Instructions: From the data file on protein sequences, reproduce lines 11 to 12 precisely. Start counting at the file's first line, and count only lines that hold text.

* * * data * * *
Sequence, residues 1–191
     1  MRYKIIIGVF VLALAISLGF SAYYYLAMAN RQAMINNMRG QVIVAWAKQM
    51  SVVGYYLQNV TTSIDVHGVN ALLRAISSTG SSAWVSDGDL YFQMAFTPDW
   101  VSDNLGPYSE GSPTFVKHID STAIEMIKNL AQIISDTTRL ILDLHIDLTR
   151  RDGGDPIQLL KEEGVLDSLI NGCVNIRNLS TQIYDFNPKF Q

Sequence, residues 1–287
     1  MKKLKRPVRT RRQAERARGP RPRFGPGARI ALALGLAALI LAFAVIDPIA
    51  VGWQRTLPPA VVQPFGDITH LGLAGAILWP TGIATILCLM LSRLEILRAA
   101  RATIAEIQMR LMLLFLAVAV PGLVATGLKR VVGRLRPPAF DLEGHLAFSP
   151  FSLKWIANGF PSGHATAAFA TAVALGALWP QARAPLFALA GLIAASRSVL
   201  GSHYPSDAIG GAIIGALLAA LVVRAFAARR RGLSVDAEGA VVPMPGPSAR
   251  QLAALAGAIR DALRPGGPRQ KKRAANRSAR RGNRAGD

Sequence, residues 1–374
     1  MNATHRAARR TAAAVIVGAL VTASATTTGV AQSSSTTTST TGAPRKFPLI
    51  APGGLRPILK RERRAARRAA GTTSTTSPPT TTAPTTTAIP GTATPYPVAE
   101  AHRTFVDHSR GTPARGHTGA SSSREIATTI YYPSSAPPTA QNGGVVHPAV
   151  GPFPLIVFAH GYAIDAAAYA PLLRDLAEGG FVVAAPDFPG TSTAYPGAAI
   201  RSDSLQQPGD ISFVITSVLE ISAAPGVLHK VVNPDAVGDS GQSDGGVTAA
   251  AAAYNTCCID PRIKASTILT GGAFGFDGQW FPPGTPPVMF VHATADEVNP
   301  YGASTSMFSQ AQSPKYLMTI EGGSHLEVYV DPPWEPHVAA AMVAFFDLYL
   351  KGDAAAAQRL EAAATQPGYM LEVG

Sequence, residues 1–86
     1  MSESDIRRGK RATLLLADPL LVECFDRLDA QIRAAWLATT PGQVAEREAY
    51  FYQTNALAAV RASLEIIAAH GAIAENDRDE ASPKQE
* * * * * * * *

   201  GSHYPSDAIG GAIIGALLAA LVVRAFAARR RGLSVDAEGA VVPMPGPSAR
   251  QLAALAGAIR DALRPGGPRQ KKRAANRSAR RGNRAGD